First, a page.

The Importance of Cross Training In Music

As a musician on the local level it is a very good practice to become a well-rounded player, particularly if you want to work with any regularity.  This becomes even more important if your goal is to significantly add to your earning potential.  It doesn’t mean that you need to be an expert in all genres, but at the very least you should be conversant with your instrument in several different genres.  This opens up the possibility of playing in variety bands, which is the primary type of group hired for corporate gigs and/or weddings, in other words the better paying gigs.  This doesn’t mean that you can’t aspire to being the go to player for blues in the area or, rock, country or whatever.  Everyone has a specific area where they’re in their prime environment, their specialty as it were.  But if you’re in it for the long haul, and at the very least to supplement your income, it is in your best interests as a player to branch out.

There are many benefits to reaching beyond your initial comfort zone.  For one, whatever you learn, and learn well, becomes integrated into your musical language.  For instance, if you understand what makes a decent solo and the vocabulary thereof, you might find yourself intermixing some aspects of this into your approach in another genre, like blues or rock.  This can provide a different perspective in how you approach your solos that can start to make you stand out from the usual assembly of licks that might comprise someone else’s blues solo.  Robben Ford is an excellent example of a player who is highly conversant in blues, jazz and rock forms.  He has in fact mastered all three, and while he is perfectly capable of delivering a high octane scorching blues solo he often digs into his multifaceted background to bring jazz and rock influences into his solos and choice of material.  In doing so he has created his own vocabulary which is quite rich in chord voicings, phrasing and delivery.  When you hear a Robben Ford solo, you know who you’re dealing with.

Listening is also an incredibly valuable practice to improve as a musician, and once again it is important to have an eclectic approach to what you listen to.  It is very important to be an active listener as well as a passive one.  Most of us listen to a ton of music throughout our days, but most of this is actually passive listening.  We’re listening to background music; it’s a soundtrack for our other work, exercise, or whatever we’re doing at the moment.  It slips in and out of our immediate attention, but mostly stays in the background.  This is passive listening; listening for fun.  Active listening is when the music is the absolute focal point.  You’re listening with a purpose, to understand what is going on in the tune, how it is structured, how the lyrics work or don’t and why, what the instrumentalist is doing while the vocalist is working, where the solos are and their shapes and colors.  All of these things, and more, lead to a better understanding of the art form, leading us to learn from the experience of hearing a piece of music.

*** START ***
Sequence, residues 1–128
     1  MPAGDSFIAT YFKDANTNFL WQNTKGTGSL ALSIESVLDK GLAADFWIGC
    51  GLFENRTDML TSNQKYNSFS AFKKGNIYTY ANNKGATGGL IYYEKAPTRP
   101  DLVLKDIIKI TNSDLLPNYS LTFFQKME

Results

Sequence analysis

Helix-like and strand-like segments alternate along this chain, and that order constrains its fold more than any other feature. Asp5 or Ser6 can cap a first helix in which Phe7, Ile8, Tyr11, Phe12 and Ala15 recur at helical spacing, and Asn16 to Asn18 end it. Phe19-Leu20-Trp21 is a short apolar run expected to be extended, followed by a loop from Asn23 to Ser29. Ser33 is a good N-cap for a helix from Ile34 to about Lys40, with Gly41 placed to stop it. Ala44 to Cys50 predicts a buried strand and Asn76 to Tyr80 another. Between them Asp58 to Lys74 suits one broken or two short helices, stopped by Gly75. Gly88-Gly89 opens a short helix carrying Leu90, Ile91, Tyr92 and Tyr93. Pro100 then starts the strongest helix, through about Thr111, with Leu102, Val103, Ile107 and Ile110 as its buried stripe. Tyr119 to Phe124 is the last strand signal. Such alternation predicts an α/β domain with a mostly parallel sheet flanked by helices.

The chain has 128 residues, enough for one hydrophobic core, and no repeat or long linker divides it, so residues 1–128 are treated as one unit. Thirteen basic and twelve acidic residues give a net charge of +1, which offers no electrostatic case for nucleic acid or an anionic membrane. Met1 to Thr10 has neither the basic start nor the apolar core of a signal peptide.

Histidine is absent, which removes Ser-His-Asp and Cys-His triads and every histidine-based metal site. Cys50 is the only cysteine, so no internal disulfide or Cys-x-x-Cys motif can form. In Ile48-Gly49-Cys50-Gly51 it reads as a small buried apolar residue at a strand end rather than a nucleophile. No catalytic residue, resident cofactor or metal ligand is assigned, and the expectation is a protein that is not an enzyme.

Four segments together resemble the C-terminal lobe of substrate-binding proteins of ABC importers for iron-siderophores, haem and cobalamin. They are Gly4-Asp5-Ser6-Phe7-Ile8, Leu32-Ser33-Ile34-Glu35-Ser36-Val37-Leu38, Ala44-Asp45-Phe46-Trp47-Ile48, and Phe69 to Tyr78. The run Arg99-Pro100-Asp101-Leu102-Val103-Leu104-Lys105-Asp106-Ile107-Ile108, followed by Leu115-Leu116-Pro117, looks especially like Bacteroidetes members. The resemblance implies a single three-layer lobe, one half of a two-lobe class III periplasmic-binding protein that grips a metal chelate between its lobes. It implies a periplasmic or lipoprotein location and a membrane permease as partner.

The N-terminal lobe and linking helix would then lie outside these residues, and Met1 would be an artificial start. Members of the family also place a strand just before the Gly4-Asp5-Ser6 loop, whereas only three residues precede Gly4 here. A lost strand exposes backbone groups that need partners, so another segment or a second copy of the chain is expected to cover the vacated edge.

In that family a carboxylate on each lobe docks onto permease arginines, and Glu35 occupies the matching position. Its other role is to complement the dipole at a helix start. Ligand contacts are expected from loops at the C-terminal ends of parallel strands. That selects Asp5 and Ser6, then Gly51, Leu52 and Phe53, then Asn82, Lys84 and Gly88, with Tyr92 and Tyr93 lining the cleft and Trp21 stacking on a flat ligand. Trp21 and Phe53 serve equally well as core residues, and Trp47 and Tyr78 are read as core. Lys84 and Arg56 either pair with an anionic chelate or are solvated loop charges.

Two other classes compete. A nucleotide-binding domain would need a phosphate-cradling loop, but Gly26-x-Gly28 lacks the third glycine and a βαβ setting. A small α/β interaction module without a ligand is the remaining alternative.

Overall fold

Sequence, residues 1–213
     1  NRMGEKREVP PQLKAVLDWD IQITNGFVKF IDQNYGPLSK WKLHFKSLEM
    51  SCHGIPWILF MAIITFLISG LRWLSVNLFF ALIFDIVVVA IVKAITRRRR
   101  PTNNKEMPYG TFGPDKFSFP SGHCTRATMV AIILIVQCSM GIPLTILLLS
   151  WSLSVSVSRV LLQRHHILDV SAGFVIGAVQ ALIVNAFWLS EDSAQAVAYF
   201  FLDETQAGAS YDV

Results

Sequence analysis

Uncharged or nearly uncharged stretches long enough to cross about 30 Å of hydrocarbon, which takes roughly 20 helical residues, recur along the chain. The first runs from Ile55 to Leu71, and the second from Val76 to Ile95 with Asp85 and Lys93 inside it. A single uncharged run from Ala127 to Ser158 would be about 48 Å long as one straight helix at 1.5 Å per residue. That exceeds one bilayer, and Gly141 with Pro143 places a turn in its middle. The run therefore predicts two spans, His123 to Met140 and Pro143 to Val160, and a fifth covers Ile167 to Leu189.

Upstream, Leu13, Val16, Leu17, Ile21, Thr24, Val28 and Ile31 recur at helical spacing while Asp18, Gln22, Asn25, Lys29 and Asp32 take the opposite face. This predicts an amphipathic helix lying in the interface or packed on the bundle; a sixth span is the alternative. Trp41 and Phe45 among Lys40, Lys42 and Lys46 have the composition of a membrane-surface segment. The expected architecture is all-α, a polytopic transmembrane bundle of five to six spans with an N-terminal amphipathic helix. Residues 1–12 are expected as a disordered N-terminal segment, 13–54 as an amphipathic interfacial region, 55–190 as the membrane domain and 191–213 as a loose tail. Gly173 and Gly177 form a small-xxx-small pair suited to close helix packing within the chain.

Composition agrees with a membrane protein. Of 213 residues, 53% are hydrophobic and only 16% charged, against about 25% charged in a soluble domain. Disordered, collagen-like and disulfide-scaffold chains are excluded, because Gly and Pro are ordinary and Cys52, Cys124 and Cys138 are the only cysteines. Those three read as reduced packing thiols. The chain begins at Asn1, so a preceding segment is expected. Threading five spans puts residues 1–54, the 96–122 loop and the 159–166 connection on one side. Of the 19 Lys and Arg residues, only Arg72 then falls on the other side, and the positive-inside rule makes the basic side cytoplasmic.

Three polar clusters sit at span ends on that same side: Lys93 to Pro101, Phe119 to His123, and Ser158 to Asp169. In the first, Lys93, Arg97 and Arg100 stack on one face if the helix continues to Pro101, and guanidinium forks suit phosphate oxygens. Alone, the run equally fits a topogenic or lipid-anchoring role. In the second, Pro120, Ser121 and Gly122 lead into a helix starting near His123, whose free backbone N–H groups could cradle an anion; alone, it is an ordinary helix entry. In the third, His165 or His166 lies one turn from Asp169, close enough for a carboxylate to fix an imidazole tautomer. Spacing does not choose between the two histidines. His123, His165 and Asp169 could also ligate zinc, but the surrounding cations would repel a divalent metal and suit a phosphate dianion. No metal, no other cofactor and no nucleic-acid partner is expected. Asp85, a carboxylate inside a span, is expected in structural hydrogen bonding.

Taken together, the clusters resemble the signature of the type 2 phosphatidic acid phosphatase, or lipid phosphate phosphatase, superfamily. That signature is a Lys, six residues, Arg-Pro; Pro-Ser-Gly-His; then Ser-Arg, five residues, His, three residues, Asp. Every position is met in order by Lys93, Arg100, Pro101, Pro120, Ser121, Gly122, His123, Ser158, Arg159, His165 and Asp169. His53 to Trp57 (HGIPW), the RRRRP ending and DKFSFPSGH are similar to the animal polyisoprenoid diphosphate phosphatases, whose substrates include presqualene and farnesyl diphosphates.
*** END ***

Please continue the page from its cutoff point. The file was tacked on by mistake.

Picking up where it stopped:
So, how does listening play a part in becoming a more well-rounded player?  If we both actively and passively listen to a wide variety of musical genres it helps to create an inner pool of knowledge.  This is where we start to learn the characteristics that make up the vocabulary of the many different styles of music that we might encounter as a performer.  It enriches our background, and gives us so much more to draw on.  It exposes us to other areas that might become additional focal points of interest, and in doing so helps to ensure that as musicians our art form is a lifelong learning process.  Even a blues bass player can learn and employ what he or she has learned from listening to the orchestral works of J. S. Bach.  The man wrote beautifully constructed bass lines that serve the same purpose as a beautifully constructed blues bass line.  From looking at Bach’s bass lines, the blues bassist will learn about the values of contrary movement which will make his or her bass lines more interesting to hear, as well as to play, just as an example.

If you have a broad background to draw upon, the chances of working more, as well as maintaining interest in the art, increase dramatically.  People do get bored from too much repetition or too few challenges.  When you seek out knowledge of differing musical styles, the learning process is engaged, your repertoire increases, and your musical potential does as well.  If you want to even be a semi-pro player, it’s going to take work on your part as well as a dedication to both your art and your craft.  If you take a gig with a variety band you’re going to be crossing genres, which can both provide for an interesting gig as well as a challenging one.  You might face jazz, country, rock, blues, funk and R&B all in the same gig.  You don’t have to be Wes Montgomery, Vince Gill, Geddy Lee, Buddy Guy, and Otis Redding to do it all, but you will need to be able to represent the genres with a certain level of dexterity to successfully pull the gig off.

 

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